I started out with a 61 key unweighted keyboard, but switched to full 88 weighted keys digital piano after 4 months to learn better dynamics. Huge difference between the two, & it's taken me two weeks to adjust to the "real" keybed.

Re: What to start with?
No Expectations #3025691 09/16/20 02:18 PM
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Originally Posted by No Expectations
My 2-cents-worth as a beginner:

Instruction books are bigger, less eye fatiguing than apps, & you can easily flip back to review terminology or polish up skills. You can make pencil marks & write notes. You'll be working with an instruction book for at least 6 months - how much would an app subscription cost over 6 months?

I like Pianoforall a lot (got it for $28), but it is all chords & rhythms for the first 2 chapters (as far as I've got so far.) It's all stuff I want to know, no complaints in that regard, but I found practicing chords & rhythms for a long time to be hand fatiguing. As a supplement to Alfred's All In One adult course, though, it's fun. Alfred's is a more traditional approach where you learn to read music, learn about fingering & terms & symbols. But the songs can be a bit nursery schoolish while you're learning the elementary things, so it's nice to have Pianoforall to switch to for variety. Glad I'm doing both.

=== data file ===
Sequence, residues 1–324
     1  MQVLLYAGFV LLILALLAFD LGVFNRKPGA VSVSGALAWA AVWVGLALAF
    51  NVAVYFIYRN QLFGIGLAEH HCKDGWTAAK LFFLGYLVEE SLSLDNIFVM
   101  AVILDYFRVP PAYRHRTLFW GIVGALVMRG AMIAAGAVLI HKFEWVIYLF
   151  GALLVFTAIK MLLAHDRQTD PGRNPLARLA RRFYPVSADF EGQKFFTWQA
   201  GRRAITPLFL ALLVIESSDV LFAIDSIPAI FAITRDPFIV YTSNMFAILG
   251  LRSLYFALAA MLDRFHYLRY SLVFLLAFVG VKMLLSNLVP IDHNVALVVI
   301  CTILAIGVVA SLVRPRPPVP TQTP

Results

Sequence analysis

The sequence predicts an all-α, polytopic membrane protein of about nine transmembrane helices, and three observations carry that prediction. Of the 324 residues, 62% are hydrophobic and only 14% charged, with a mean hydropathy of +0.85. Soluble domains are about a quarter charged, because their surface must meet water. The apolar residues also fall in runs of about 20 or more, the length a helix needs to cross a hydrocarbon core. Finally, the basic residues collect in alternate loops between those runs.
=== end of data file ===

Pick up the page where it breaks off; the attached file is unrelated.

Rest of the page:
I started out with a 61 key unweighted keyboard, but switched to full 88 weighted keys digital piano after 4 months to learn better dynamics. Huge difference between the two, & it's taken me two weeks to adjust to the "real" keybed.

I think a book (Alfred's or some other) and the Piano For All course on Udemy would make a great combination. Do a little of this, a little of that ...

That can help you retain your sanity. LOL ...

Sometimes the SAME OL ... SAME OL ... can get mentally fatiguing.

And the good news ... it would be very cost effective while providing a very good beginning to your journey.


Don

Casio PX-S1000, Focal Professional CMS 40 near-field monitors, SennHeiser HD 559 Headphones, Pianoteq and numerous other VSTs (Seldom Used), Focus Rite Scarlett 2i2 Audio Interface, Yamaha MG06 Mixer
Re: What to start with?
Kingkoala42 #3026135 09/17/20 06:16 PM
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Thanks everybody!